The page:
“Project Dilithium”: US Military Eyes Mini Nuclear Reactors For Remote Deployments

The US military’s Strategic Capabilities Office (SCO) has put out a request for contractors to submit proposals for small nuclear reactors that could be deployed to remote locations that are difficult or dangerous to transport fuel, reports Defense One

In 2008, the Government Accountability Office estimated that over 900,000 gallons of fuel went to bases around the world for basic power needs such as lighting and refrigeration. And according to a 2009 Army assessment, one soldier died for every 24 fuel convoys in Afghanistan.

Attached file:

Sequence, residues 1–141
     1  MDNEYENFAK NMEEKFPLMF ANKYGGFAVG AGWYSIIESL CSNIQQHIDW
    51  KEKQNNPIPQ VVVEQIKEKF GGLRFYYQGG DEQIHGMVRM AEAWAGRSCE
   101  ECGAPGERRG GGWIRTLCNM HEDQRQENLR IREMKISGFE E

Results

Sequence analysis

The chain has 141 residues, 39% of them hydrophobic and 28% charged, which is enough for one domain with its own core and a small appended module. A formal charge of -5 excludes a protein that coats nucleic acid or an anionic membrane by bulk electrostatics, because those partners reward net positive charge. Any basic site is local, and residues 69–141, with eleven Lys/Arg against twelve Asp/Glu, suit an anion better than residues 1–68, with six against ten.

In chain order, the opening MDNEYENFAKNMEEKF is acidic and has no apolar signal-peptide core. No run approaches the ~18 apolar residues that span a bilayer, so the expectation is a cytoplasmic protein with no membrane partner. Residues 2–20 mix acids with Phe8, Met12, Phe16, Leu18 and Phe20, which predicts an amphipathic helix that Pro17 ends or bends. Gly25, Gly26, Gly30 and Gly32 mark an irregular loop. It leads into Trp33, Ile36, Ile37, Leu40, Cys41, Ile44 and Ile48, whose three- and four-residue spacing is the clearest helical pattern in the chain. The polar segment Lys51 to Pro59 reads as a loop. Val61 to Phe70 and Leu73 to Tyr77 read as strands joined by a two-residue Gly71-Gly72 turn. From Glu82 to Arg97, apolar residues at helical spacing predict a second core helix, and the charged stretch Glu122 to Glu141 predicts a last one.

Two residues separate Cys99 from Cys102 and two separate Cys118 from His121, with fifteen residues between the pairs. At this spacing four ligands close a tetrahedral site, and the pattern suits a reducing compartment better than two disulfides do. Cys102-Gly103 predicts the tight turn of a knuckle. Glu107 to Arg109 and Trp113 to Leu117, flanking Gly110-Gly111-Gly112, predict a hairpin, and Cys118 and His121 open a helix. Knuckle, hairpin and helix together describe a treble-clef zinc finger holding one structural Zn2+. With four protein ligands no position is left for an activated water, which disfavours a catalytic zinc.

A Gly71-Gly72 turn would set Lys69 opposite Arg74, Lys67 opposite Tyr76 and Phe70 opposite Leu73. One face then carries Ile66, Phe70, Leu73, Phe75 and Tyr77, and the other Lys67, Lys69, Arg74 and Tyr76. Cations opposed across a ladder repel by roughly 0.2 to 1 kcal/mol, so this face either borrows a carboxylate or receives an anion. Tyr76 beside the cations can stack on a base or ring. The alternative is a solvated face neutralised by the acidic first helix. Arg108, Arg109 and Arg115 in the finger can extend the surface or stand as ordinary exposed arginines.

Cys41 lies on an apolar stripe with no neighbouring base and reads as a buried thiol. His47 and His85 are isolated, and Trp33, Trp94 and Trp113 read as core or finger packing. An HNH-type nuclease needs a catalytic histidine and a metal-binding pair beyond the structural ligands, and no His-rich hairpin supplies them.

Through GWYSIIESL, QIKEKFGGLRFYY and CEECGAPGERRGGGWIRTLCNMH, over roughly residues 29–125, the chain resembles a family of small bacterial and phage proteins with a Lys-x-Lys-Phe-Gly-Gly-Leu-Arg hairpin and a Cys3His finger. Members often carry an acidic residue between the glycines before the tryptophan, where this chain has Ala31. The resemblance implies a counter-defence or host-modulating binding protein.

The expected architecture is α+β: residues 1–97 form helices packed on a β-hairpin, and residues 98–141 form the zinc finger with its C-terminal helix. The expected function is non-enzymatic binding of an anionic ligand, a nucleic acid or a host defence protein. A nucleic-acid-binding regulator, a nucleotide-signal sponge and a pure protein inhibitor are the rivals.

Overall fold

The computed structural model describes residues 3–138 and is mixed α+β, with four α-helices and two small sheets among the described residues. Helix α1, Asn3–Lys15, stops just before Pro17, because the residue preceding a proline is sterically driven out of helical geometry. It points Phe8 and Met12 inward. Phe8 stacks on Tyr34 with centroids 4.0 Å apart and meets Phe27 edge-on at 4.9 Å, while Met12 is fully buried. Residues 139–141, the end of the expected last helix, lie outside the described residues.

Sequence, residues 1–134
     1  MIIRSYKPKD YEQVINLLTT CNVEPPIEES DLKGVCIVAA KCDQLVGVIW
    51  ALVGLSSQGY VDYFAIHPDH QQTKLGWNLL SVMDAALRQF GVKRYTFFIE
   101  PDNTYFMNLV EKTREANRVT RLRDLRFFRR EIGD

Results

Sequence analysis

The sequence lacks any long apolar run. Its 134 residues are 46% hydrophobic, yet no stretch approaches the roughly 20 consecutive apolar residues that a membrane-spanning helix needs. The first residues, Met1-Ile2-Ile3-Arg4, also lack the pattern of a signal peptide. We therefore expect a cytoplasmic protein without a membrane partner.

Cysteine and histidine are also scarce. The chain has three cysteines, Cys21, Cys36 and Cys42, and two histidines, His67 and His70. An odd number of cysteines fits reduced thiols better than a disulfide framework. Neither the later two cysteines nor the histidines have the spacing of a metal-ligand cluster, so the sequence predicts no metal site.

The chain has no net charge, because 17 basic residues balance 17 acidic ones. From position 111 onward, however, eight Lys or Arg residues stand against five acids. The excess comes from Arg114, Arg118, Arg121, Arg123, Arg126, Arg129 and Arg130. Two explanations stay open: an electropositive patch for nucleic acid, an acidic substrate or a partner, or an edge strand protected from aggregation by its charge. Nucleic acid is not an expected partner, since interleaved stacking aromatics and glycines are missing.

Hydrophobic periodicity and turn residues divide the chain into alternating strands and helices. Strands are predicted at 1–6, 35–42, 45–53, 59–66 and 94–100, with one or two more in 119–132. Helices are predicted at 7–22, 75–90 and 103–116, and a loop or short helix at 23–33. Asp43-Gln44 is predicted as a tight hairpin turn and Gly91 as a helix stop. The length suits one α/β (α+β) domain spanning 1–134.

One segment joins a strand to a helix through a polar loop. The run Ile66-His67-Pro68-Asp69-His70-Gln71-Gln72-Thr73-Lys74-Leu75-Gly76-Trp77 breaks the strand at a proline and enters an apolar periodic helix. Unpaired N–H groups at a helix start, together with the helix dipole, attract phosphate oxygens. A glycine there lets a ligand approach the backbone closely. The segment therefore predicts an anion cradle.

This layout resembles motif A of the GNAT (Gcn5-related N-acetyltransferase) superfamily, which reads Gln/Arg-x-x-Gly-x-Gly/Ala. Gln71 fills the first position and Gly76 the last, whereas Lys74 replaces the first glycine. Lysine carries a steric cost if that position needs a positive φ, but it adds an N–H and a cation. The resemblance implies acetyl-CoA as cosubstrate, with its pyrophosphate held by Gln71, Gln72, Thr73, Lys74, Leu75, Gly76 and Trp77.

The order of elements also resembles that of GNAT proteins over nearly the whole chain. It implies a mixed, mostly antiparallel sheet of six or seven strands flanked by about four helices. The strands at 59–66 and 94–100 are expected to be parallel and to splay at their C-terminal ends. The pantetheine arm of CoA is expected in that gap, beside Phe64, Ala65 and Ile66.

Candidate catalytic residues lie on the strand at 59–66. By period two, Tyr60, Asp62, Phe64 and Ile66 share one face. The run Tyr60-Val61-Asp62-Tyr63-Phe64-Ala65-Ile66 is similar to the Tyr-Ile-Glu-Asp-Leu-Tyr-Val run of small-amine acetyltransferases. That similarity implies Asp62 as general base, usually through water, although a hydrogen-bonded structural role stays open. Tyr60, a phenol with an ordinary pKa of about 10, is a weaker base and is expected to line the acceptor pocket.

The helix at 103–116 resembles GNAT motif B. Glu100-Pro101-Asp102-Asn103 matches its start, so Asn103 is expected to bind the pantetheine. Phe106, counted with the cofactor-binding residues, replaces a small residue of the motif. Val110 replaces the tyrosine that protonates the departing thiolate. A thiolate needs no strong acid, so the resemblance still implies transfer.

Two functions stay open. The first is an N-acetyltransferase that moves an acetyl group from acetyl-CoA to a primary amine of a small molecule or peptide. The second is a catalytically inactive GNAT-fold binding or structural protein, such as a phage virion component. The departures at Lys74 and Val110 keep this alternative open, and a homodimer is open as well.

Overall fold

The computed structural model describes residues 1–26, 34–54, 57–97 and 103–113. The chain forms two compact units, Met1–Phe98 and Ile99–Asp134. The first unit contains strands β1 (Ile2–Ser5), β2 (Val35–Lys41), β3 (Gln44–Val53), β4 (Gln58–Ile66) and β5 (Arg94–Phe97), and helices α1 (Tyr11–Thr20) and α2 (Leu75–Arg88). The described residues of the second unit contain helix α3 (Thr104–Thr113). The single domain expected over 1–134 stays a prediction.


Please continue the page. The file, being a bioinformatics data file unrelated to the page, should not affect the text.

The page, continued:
Enter “Project Dilithium” – the Army’s latest stab at a portable nuclear reactor, which should fit on a truck and a C-17 aircraft, set up in under 72 hours, and be able to provide up to 10 megawatts of power for three years without refueling. The reactor – weighing in at under 40 tons, must also be able to be disassembled within a week. Oh, and it’s got to be meltdown-proof

“Energy usage during contingency operations will likely increase significantly over the next few decades,” reads the proposal request. “The modern operational space has amplified the need for alternative energy sources to enable mobility in forward land based and maritime military operations.”

Three prototype designs will be funded after a 9-12 month design study phase, while the winning contractor would then build and demonstrate their design for Phase II, according to The Drive.